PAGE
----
Mayor Adams lobbies Albany to extend mayoral control of schools

Mayor Eric Adams made his pilgrimage up to Albany on Tuesday with a wish list in hand to push through last-minute policy items before the legislative session ends in just two weeks.

"The bulk of our conversation was around mayoral accountability," Adams said briefly before catching his train back to New York City.

Meeting one-on-one with state lawmakers, Adams made his case that mayoral control of city schools should be extended for the next four years.

"Now they have to go back and say, 'Based on what we heard, this is what we want to do,' and I just respect the process," Adams said.

Since 2002, mayoral control has given the mayor of New York City almost complete power over the city's public school system, including appointing the chancellor and a majority of members who serve on an oversight panel.

Mayoral control has been widely supported but recently the union representing teachers in the city, advocates, and some parents are pushing for changes they say would give parents and teachers more of a seat at the table in policy discussions.

"We cannot extend the current model of mayoral control of public schools without giving parents and teachers a louder voice and restoring checks and balances to the Panel for Educational Policy," UFT President Michael Mulgrew said.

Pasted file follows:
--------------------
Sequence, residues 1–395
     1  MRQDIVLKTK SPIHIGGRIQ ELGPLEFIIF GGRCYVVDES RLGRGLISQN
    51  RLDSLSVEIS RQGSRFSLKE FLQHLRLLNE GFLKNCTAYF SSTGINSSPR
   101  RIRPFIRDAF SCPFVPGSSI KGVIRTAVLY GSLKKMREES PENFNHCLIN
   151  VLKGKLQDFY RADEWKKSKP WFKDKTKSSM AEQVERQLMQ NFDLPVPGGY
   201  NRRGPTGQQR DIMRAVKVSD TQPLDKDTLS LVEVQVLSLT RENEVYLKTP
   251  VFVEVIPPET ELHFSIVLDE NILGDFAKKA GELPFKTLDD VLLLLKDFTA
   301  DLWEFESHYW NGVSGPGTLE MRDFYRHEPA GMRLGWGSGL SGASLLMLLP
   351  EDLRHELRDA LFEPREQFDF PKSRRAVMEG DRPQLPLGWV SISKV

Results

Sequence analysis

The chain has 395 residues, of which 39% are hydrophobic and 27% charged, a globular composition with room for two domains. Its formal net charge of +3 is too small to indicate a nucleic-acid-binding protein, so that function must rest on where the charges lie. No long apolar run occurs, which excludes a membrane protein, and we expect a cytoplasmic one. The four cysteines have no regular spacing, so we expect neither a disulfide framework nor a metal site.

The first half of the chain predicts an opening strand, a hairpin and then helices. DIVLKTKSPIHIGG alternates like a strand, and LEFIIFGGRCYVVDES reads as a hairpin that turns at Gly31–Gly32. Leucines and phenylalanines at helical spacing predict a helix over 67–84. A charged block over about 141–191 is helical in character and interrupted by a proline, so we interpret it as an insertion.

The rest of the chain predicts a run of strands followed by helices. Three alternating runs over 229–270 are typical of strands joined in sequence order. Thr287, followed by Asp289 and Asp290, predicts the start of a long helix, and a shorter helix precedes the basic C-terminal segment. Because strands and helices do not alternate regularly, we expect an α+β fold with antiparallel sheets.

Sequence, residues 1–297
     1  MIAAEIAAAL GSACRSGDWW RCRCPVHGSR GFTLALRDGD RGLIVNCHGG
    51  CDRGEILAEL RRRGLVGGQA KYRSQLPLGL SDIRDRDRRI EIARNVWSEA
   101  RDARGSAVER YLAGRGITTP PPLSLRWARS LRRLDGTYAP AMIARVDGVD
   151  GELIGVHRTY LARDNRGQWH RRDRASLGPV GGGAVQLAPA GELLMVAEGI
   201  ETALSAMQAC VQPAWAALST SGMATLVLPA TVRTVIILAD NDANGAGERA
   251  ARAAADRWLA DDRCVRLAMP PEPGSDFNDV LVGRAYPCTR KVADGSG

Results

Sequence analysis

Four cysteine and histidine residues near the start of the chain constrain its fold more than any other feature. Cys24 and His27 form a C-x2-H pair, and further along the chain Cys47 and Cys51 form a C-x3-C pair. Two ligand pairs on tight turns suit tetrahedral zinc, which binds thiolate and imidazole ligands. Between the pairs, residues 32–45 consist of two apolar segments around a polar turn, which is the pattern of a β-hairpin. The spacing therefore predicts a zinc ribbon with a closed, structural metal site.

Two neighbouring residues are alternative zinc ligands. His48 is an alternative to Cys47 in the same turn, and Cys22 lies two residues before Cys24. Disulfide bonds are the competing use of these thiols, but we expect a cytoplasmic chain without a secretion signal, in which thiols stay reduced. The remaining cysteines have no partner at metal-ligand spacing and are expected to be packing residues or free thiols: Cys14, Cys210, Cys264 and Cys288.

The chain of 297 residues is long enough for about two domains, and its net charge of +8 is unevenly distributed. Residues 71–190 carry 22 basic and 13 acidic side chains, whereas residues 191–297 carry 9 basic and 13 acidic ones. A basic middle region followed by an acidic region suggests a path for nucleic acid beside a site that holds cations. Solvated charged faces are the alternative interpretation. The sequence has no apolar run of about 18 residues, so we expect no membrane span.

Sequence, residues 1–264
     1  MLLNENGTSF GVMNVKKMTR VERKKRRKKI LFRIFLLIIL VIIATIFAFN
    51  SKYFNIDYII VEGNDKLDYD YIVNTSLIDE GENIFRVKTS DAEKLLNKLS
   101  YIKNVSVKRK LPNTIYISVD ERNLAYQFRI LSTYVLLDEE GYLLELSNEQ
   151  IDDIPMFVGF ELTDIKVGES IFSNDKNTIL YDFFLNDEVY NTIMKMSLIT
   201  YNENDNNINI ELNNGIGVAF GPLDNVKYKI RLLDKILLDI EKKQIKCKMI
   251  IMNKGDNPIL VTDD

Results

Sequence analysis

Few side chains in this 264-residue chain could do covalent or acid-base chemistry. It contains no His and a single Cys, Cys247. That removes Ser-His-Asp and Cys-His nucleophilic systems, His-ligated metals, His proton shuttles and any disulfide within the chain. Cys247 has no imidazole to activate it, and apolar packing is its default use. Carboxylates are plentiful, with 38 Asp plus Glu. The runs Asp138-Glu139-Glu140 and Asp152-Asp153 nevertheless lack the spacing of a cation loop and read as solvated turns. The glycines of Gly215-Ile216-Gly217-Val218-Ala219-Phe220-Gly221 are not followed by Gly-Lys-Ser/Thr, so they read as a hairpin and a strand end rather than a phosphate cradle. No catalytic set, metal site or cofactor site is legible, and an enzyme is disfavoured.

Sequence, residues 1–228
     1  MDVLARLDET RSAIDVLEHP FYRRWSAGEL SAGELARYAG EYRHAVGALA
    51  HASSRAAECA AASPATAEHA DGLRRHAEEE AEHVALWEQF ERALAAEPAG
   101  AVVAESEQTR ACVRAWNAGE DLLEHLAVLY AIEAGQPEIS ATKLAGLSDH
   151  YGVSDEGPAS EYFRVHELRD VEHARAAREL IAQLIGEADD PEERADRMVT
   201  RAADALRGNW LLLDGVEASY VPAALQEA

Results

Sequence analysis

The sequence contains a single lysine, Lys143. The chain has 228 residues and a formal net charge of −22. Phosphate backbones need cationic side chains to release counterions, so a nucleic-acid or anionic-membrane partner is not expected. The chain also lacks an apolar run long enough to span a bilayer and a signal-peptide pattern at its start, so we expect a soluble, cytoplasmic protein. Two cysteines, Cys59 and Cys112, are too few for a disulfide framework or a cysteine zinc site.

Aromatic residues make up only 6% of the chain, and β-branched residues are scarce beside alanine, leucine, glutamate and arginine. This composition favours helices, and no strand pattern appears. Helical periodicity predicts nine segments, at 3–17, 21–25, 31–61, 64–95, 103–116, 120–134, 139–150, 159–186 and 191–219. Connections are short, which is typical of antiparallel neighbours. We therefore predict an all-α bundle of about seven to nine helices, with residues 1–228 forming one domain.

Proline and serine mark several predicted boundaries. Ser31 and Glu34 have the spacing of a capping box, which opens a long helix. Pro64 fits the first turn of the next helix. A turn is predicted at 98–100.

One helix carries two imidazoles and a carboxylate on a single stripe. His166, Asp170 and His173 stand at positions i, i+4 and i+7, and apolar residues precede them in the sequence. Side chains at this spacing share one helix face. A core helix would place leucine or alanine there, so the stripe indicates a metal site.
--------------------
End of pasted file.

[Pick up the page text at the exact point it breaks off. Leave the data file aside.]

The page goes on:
And lawmakers are listening.

"Parents with kids in schools, really in recent years, have been more and more concerned and exasperated about the lack of responsiveness they've been getting from the Department of Education and the lack of ability even to ask simple, straightforward questions," state Sen. John Liu said. "So we're not looking to take accountability away from the mayor. But at the same time, we need to make sure that that there's a stronger mechanism for parents to weigh in, both with their questions as well as their input."

The chair of the Senate's New York City Education Committee, Liu said he had a very productive conversation with the mayor but lawmakers are not likely to extend mayoral control for a full four years. Liu said only renewing mayoral control every few years has given lawmakers a chance to evaluate how well the system is working or not working.

But the discussions are far from over.

"This is the way government works, and education is by far the most important function of state, as well as city government," Liu said. "So whether it be once every few years or however frequently, the mayor should be engaged in the state legislative process."

Mayoral control is set to expire on June 30.

Adams was also in Albany to push for extending a program that gives tax breaks for housing developments with affordable housing and speed cameras in school zones.